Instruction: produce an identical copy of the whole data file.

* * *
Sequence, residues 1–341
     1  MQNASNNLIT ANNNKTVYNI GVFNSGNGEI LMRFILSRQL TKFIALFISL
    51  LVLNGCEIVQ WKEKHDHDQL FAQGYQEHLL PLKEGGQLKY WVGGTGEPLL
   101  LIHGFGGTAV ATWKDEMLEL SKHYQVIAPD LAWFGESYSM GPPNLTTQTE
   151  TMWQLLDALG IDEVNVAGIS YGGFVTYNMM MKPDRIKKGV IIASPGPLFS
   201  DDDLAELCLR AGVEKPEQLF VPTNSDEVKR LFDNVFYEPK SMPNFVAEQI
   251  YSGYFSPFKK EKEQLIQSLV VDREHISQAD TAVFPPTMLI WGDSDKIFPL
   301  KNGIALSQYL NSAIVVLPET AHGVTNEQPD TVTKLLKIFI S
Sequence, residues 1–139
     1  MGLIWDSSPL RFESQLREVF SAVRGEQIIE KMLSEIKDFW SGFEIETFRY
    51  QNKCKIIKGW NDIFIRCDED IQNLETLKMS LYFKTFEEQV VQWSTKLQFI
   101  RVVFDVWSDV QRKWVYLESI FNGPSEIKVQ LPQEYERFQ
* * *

Sequence, residues 1–341
     1  MQNASNNLIT ANNNKTVYNI GVFNSGNGEI LMRFILSRQL TKFIALFISL
    51  LVLNGCEIVQ WKEKHDHDQL FAQGYQEHLL PLKEGGQLKY WVGGTGEPLL
   101  LIHGFGGTAV ATWKDEMLEL SKHYQVIAPD LAWFGESYSM GPPNLTTQTE
   151  TMWQLLDALG IDEVNVAGIS YGGFVTYNMM MKPDRIKKGV IIASPGPLFS
   201  DDDLAELCLR AGVEKPEQLF VPTNSDEVKR LFDNVFYEPK SMPNFVAEQI
   251  YSGYFSPFKK EKEQLIQSLV VDREHISQAD TAVFPPTMLI WGDSDKIFPL
   301  KNGIALSQYL NSAIVVLPET AHGVTNEQPD TVTKLLKIFI S
Sequence, residues 1–139
     1  MGLIWDSSPL RFESQLREVF SAVRGEQIIE KMLSEIKDFW SGFEIETFRY
    51  QNKCKIIKGW NDIFIRCDED IQNLETLKMS LYFKTFEEQV VQWSTKLQFI
   101  RVVFDVWSDV QRKWVYLESI FNGPSEIKVQ LPQEYERFQ